My turn now!” DorkySon squeals, bouncing up and down with excitement across the room.

DorkyDad brings down his own ‘secret box’. A treasure trove of cufflinks and old watches, badges, tiepins, buttons and rings.

DorkySon’s eyes light up.

Hmmmm,” he says. “What’s it going to be?

It’s tough to choose. Two green dice, or a beaded bracelet from Mozambique? A Dartmouth College lapel pin, or an old silver dollar?

After much deliberation, DorkySon makes his choice too. He clutches it tightly in one hand, runs through to his own room, and places the object on his bedside table.

I’ll look after it,” he says. “Don’t worry. And when I look at it, I’ll think of you and all the fun times we have together.

They hug each other good night. I watch a small, smiling tear form in the corner of DorkyDad’s eye.

The boy love keeps on growing.

One box at a time.

34 responses

    • Sounds ace! I saw one at the Edinburgh Festival a few years ago called Bubblewrap and Boxes, and that was amazing too – if you ever get the chance to see it you should xx

  1. That is LOVELY! I have a little tin like Dorky Sons, rammed with odds and sods of virtual rubbish – I take it with me when we go out for meals and it keeps Syd quiet for ages rummaging through the kinder treasures and magazine freebies!

  2. This is gorgeous…. Little A has a few boxes just like this, full of total tat but she adores them, and is very possessive of her empty kinder shells :o). And she has a similar ritual in that when Dad used to go away for the week for work she would give him one of her prized teddies to take with him. Daddy rituals are the best! X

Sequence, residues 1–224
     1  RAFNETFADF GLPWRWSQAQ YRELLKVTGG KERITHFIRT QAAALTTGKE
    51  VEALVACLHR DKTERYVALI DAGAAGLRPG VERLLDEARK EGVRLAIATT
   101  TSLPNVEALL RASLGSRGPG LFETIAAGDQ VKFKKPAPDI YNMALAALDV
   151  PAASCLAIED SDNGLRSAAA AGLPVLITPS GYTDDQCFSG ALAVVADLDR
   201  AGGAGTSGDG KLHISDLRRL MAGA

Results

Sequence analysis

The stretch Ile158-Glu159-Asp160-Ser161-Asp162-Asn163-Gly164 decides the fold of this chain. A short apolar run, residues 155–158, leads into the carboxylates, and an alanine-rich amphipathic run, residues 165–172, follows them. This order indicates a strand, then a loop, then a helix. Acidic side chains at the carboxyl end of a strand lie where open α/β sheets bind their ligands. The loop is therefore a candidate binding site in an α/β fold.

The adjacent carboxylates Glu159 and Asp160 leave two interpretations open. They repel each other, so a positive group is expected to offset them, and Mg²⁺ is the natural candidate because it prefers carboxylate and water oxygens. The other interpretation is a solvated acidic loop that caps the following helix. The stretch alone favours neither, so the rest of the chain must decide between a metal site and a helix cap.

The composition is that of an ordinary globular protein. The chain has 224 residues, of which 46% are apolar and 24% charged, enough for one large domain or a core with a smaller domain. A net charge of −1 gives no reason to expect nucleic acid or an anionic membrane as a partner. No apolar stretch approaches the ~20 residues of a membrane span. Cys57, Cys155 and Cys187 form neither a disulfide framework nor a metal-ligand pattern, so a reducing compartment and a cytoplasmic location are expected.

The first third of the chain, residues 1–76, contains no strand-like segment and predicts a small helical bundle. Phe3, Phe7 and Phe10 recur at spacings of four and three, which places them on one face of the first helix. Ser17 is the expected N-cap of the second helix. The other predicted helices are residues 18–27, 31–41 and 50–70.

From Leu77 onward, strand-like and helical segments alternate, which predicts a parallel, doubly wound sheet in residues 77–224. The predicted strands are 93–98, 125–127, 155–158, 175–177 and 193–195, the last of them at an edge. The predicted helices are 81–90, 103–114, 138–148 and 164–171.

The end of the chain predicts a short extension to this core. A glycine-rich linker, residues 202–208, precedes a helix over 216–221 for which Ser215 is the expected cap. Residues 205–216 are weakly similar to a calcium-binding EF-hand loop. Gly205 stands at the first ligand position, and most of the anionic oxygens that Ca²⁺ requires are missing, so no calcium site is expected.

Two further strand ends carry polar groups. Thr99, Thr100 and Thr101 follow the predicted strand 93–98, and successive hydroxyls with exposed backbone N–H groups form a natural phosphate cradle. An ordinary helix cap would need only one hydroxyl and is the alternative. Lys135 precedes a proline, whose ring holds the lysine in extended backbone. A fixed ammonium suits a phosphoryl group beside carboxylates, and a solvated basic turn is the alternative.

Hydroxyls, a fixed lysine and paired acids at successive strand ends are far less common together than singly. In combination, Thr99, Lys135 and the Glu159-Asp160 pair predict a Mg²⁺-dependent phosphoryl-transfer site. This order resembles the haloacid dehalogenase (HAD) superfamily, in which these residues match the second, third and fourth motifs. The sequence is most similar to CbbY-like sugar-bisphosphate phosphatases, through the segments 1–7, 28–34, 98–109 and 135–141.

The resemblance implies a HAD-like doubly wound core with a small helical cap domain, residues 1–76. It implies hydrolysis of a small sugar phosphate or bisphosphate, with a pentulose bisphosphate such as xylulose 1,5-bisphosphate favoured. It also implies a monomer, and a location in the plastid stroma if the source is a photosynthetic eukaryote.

3. My girls collect boxes and move their tat from box to box. Drives me nuts. But their favourite boxes are their memory boxes of baby things: they must make me get them out once a week. It fascinates them that they were so small.

    • Ahh, that’s so sweet Kelly. T has gone through a phase recently of looking through loads of his old baby photos, so I’m sure he’d love a little memory box too x

  4. So so sweet…. We used to have a small box at home that we were only allowed to open if we were sick, it had a small tin of coloured buttons, a couple of books, some pencils, and a few other bits I can’t quite remember, but it made being ill quite fun when I was little! 😀

  5. I never kept anything from when they were a baby.Mia has recently taken to spread all her LEGO and minifigures into several boxes instead of the designated (by me) boxes.She says it’s so she knows where they all are.I feel guilty now that she just wanted a ‘special’ place.

    • Ahhh, maybe you could find her a little box in a charity shop – they always seem to be full of them – and designate it as her special place for keeping secret things 🙂 x

  6. Well that brought a tear to my eye. What a lovely thing to do for each other,a tradition that can go on and on. I have a drawer at home full of “stuff” and my grandchildren love raking through it ,keeps them amused for age.